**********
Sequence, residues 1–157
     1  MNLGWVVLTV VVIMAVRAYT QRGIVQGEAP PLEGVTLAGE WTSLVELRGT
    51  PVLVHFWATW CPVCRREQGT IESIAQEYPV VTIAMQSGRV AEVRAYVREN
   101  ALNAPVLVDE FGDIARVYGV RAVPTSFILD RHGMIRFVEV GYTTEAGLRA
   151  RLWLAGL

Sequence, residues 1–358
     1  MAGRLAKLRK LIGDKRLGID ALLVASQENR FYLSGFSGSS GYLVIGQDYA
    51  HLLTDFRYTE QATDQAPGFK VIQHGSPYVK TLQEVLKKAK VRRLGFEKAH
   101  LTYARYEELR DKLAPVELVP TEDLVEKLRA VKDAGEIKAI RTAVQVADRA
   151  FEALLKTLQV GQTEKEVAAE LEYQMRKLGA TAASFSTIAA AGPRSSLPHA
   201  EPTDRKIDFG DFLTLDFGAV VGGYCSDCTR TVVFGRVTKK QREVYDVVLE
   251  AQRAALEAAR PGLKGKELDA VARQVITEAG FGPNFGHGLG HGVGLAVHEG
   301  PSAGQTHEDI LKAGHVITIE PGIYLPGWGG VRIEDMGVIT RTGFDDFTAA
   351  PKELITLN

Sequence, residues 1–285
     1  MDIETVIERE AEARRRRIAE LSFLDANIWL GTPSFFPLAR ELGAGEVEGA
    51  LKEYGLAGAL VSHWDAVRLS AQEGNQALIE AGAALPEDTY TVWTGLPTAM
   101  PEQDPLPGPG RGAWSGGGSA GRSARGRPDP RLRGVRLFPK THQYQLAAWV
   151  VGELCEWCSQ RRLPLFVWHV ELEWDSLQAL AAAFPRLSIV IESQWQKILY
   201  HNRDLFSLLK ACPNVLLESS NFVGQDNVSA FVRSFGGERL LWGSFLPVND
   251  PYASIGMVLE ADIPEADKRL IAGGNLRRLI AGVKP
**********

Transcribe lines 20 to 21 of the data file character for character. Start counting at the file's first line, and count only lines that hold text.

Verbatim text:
   201  HNRDLFSLLK ACPNVLLESS NFVGQDNVSA FVRSFGGERL LWGSFLPVND
   251  PYASIGMVLE ADIPEADKRL IAGGNLRRLI AGVKP